Florida: Inmates Like Fast, Bloodless Test for HIV Offered at Jails
February 7, 2007
Inmates in the Palm Beach County Jail spend, on average, 10 days in the facility. Because conventional HIV test results were usually returned in about two weeks, most inmates who tested had been released before learning their serostatus. But about two months ago, the jail began using OraSure rapid-result oral HIV tests; now, inmates can get their results within an hour.
The screening program is a joint effort of the Sheriff's Office, the Palm Beach County Health Department and the jail's medical provider, Armor Correctional Health Care. Funding is provided in part through a bill sponsored by state Sen. Frederica Wilson (D-Miami). In other Florida jails, rapid testing is helping prevent HIV transmission and increase serostatus awareness, said Marlene LaLota, state Bureau of HIV/AIDS program administrator.
In Palm Beach County, about 1 percent of inmates tested were HIV-positive. Since November, 500 inmates have had the rapid HIV test. That rate could grow in response to programs to increase testing, said LaLota.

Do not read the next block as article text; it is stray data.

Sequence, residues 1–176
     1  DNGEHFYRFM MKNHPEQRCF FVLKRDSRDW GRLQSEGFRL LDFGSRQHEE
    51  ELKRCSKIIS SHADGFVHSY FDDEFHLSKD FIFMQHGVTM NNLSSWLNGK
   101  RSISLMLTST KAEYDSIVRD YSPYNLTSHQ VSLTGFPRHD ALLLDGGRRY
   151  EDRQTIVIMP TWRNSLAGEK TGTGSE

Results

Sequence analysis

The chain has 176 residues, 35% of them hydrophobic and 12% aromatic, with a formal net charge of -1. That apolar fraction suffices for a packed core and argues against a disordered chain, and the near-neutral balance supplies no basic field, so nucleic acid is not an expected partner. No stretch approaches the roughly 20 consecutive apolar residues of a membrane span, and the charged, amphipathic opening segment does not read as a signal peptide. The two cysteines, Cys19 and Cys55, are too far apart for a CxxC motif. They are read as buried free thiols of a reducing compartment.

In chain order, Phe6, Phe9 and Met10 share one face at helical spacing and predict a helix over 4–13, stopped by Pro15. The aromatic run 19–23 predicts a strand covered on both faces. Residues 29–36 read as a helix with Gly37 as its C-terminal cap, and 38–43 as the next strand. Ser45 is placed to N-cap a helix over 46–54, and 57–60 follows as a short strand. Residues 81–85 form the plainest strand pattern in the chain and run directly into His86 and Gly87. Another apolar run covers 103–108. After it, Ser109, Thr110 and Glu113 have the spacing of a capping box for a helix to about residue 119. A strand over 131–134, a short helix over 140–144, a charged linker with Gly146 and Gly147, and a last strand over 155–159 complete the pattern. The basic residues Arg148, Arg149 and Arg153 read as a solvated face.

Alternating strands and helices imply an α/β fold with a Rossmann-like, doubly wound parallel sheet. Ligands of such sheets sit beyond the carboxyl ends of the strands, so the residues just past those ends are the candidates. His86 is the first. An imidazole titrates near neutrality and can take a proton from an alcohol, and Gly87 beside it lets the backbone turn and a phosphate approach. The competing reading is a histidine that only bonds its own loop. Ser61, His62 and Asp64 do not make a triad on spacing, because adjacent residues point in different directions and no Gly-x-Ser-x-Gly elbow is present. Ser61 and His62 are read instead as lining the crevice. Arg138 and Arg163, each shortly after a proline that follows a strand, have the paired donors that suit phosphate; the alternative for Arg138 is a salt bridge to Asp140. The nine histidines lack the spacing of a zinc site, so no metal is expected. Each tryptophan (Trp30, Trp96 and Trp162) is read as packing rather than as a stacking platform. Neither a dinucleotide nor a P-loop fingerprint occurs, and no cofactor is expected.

County commissioners have expressed an interest in making the testing mandatory; however, Susan Dean, medical contract manager for the jail, said inmates who have not been convicted have the right to refuse treating and medical treatment. In addition, Sheriff Ric Bradshaw said additional funding would have to be found to comply with a requirement to test all 100,000 people who pass through the jail annually.
Testing at jails makes sense, said Wilson, since many at-risk inmates arrested for sex work or drugs go to jail rather than in prison.
Palm Beach Post
02.02.07; Antigone Barton
This article was provided by CDC National Prevention Information Network. It is a part of the publication CDC HIV/Hepatitis/STD/TB Prevention News Update.